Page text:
- Residence by engaging in self-employed activities
- Residence by employment
- Residence by pursuing studies
- Belgian citizenship
- Taxation of individuals
- Corporate tax
- Estate planning
Regardless of the reasons for relocating to Belgium, it is always crucial to review the implications of such a move on your worldwide assets.
When a foreign national takes up residency in Belgium, he most likely qualifies as a Belgian tax resident. Should this be the case, one will be subject to the payment of Belgian inheritance tax on his worldwide estate. Even though inheritance tax in the direct line or between spouses (and sometimes cohabitants) can be as high as 27% (Flanders) or even 30% (Brussels or Walloon Region), there are possible means of estate planning to minimise such liability.
First of all, trusts and private foundations are recognised in Belgium. Belgium has its own private foundation law which prescribes lower tax rates than that under the general inheritance law. Trusts are, however, not advisable in Belgium in light of the position taken by the tax administration that distributions from a trust may subject to income tax if the settlor was regarded as a Belgian resident.
Private foundations, on the other hand, are commonly devised for estate planning purposes. The transfer of property or assets to a private foundation through a last will is subject to 8.5% of inheritance tax in Flanders, 7% in the Walloon Region and 25% in the Brussels. The deceased’s place of residence shall determine the applicable rate.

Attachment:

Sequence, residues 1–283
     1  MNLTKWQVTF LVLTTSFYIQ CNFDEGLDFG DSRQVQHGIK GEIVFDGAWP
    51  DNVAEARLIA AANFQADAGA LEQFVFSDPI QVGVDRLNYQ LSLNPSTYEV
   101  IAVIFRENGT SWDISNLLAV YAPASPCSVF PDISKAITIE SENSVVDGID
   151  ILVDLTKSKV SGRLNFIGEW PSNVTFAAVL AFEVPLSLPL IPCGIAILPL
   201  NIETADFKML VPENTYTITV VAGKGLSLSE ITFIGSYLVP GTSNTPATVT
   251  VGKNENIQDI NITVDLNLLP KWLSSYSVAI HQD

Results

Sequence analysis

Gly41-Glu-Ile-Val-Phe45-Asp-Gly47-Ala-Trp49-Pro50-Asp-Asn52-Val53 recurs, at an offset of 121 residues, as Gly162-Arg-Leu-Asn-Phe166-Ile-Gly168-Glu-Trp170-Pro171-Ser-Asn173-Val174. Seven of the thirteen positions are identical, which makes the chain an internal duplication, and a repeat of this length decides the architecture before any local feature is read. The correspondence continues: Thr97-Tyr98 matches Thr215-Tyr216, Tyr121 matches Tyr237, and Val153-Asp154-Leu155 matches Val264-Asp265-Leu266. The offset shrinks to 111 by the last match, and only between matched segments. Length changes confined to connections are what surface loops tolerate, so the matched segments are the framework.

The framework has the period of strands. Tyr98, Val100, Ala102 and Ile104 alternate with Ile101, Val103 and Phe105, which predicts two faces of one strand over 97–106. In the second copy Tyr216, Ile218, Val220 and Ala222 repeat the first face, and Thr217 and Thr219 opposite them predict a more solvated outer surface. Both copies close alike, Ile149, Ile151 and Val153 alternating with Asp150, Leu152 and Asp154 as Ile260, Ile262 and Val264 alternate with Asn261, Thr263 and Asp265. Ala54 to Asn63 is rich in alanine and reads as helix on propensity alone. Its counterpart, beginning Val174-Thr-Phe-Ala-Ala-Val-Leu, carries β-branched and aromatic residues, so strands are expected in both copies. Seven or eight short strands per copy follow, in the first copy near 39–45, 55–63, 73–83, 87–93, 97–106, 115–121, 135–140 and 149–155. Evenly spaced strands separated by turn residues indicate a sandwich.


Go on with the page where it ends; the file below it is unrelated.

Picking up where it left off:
As Belgium levies inheritance tax on your worldwide estate, the consequences of tax residency can be far-reaching. That being said, most risks could be avoided or minimised by way of careful estate planning.
Gifts of movable assets (e.g. shares, stocks, artworks, etc.) are not subject to Belgian gift tax unless the gift is registered in Belgium. If a gift has not been subject to Belgian gift tax and the donor dies within 3 years of making the donation, the gift shall nonetheless be subject to inheritance tax. This is applicable in all 3 regions. The tax on gifts of movable assets to children and between spouses (under certain conditions also cohabitants) is 3% (Flanders and Brussels) or 3.3% (Walloon Region). Once gift tax has been paid, the donation will not be subject to inheritance tax. This strategy is often used in extremis estate planning.
Gifts of real estate are obliged to be registered in Belgium and therefore automatically subject to gift tax.
In light of the lower tax rates when compared to inheritance tax, gifts of both movable and immovable assets are tools commonly used in estate planning in Belgium.
Notably, receipt of donations of foreign goods from donors who live abroad does not lead to Belgian gift tax.
European Succession Regulation
Your relocation to Belgium will also have implication on the inheritance law that is applicable to the distribution of your estate upon death. The Belgian authorities apply the European Succession Regulation, which stipulates that the courts of the state in which the deceased had his habitual residence at the time of death will be competent to rule on the succession. The applicable law determines how the estate shall be divided upon death, taking into account general rules on forced heirship etc. As a consequence, it is important to make declarations in your last will should you wish to avoid application of the Belgian inheritance law. It is possible to choose the law of your state of nationality as the law to govern the succession of your estate.